Quarterly revenue growths for the 2013 fiscal year for Walmart were at 1%, while Costco gained revenue with a ratio of 8% and Target losing revenue at -1%. This reflects the quarter financials indicating financial performance by sales. Wal-Mart’s supply chain management strategy has provided the company with several sustainable competitive advantages, including lower product costs, reduced inventory carrying costs, improved in-store variety and selection, and highly competitive pricing for the consumer.
(Walmart Supply) Walmart is the current leader in the retail industry indicating their supply chain management strategy is serving this company well. Walmart has a business edge most companies are unable to compete with. Because of Wal-Mart’s size and the volume of business it does, it has leverage with their suppliers which allow them to negotiate prices that reflect their mission to stay the low cost leader. They are so large they can purchase in volume at an advantage over their competitors in the industry.
They have a strong market position worldwide. Although not reflected on the balance sheets, Walmart owns most of the properties their stores are located on. Most of these properties were purchased at lower than current market values. This will add to revenue growth by decreasing operating costs. Wal-Mart’s newest innovative feature is the ability to purchase products online without a credit card. You can pick out your items online, go to the store, pay for them and pick them up at the same time.
This allows the convenience of in home shopping which is becoming the trend for consumers in this decade. Although Walmart offers online purchasing for consumers without credit cards, their web presence does not feature as much merchandise as the stores. Walmart is marketing themselves as environmentally friendly with their green campaign.
They are dedicated to taking corporate responsibility functioning in green operations, sustainability and using local vendors to supply their grocery venues. Although they market their use of local produce, in most cases the produce purchased is a small percentage of the local market and often times the produce payments do not cover the expenses from the local producer. Although, one of the largest employers, reports about employee and supplier mistreatment, civil suits and import/export misconduct which is affecting the reputation of Walmart.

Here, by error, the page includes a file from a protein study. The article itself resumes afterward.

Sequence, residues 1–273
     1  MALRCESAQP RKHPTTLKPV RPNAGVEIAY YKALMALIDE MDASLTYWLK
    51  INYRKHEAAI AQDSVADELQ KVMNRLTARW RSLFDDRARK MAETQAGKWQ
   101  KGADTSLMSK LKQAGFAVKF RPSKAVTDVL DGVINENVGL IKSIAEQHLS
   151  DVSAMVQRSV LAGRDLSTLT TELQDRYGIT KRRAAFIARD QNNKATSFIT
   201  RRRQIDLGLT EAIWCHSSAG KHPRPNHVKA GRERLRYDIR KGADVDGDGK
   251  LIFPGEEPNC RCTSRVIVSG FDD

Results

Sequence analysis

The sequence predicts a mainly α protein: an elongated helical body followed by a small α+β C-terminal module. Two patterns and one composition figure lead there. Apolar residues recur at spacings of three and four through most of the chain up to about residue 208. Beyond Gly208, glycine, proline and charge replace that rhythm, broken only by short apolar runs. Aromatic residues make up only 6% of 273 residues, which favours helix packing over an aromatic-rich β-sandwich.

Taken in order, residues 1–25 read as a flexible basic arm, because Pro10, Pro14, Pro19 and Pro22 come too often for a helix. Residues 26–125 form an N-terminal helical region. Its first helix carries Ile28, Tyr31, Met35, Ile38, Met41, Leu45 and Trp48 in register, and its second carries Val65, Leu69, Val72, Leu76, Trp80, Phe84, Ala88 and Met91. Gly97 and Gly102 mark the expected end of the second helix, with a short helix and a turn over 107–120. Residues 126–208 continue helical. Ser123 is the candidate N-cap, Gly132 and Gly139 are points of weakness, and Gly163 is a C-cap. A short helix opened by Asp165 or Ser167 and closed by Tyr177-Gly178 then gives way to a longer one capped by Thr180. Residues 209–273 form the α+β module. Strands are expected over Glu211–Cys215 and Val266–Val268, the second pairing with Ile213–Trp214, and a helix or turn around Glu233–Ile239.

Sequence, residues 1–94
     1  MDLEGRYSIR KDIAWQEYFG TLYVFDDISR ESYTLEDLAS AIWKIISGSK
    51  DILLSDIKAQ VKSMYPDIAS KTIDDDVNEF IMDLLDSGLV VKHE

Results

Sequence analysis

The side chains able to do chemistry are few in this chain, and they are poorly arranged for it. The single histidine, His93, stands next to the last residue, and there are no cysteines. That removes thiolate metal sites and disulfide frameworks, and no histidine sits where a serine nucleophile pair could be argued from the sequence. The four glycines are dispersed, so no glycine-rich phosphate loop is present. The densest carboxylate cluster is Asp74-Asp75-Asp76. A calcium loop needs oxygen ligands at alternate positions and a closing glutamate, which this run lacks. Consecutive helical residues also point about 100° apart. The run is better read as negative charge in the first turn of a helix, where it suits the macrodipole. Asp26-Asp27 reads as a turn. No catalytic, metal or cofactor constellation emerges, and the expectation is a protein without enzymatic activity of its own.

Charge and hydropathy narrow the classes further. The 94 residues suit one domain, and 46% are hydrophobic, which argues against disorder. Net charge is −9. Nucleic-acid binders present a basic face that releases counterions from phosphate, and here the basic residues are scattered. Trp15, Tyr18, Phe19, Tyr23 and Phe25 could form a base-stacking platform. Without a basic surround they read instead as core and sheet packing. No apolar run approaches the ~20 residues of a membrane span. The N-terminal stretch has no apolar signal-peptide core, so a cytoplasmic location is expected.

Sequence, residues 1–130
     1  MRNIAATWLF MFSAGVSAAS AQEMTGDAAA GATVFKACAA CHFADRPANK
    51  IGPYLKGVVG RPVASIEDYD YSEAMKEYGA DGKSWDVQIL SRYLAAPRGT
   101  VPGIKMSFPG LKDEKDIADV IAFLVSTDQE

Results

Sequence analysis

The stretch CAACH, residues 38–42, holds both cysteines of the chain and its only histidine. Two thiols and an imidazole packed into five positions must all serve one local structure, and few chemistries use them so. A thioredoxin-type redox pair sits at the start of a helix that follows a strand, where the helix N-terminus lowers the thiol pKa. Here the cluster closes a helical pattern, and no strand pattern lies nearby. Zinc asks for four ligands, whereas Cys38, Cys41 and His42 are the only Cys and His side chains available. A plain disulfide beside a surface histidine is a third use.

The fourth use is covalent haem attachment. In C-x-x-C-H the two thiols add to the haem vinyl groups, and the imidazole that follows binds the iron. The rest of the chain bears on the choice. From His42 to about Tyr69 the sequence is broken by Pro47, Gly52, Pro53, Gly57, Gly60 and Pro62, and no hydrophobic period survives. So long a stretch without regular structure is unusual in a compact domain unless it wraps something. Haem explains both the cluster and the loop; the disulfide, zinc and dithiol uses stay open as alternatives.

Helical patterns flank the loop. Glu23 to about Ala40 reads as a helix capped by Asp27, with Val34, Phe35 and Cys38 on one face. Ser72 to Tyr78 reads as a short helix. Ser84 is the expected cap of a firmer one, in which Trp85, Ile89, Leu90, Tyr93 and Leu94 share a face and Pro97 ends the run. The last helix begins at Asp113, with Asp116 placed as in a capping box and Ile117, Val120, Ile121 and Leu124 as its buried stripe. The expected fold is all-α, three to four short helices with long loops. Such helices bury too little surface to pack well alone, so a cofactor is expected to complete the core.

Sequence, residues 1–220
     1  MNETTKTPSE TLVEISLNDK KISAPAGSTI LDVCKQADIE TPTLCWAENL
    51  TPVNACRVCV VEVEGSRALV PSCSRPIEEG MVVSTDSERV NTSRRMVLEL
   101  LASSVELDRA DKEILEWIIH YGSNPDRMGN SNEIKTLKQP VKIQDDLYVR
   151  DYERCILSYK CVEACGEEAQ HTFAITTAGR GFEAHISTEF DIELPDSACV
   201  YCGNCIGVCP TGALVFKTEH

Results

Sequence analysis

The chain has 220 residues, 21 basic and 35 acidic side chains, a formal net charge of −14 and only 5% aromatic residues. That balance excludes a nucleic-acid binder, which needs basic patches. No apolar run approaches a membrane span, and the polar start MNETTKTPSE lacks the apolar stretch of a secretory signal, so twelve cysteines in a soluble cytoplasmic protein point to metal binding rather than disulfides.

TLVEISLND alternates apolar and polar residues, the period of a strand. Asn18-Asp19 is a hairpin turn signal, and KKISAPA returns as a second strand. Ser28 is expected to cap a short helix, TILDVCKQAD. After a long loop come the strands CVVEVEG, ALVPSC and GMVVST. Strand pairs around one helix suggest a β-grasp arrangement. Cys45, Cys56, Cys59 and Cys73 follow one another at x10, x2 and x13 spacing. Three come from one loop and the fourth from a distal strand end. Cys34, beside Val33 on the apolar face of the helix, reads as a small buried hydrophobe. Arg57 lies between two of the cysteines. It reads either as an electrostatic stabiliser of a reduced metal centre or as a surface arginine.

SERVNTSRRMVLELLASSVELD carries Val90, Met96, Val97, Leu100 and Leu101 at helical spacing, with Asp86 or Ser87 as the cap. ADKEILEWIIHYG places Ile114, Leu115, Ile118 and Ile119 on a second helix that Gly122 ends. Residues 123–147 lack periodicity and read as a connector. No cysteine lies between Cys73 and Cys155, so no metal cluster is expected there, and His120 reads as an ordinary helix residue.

Walmart is also being criticized for its large size, which keeps smaller companies from being able to compete, putting smaller community businesses out of business. Walmart continues to reinforce global manufacturing, no longer purchasing from American companies. They purchase products from international companies that have unfair labor laws or product standards that meet with United States regulations.
As such, there have been multiple recalls of inferior or substandard products retailed by Walmart. At one time people were driven to shop at Walmart because of their product pricing, however that trend is slowly changing as technology educates the consumers of Walmart on products, their employees, and Wal-Mart’s newsworthy business problems and how it affects their consumers. Walmart needs to change its perspective about their consumers, as technology changes, so are their consumers. Works Cited
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“Examples of Inventory Turnover Ratios /Chron.com” Chron (July 18, 2013) Date Accessed July 18, 2013 http://smallbusiness.chron.com/examples-inventory-turnover-ratios-12489.html
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“Walmart Supply Chain Management | Supply Chain Management Strategy” University of San Francisco Online (7/18/2013) Date Accessed July 18, 2013 http://www.usanfranonline.com/wal-mart-successful-supply-chain-management
“Walmart Sustainability Report 2010 - Our Business - Our Mission” Walmart (July 18, 2018) Accessed July 18, 2018 http://www.walmartstores.com/sites/sustainabilityreport/2010/our_business_our_mission.aspx
“Wal-Mart Stores Mission Statement - Vision, Mission, Purpose, Headquarters, Founders Facts, and Trivia About Wal-Mart Discount Stores Chain” Retail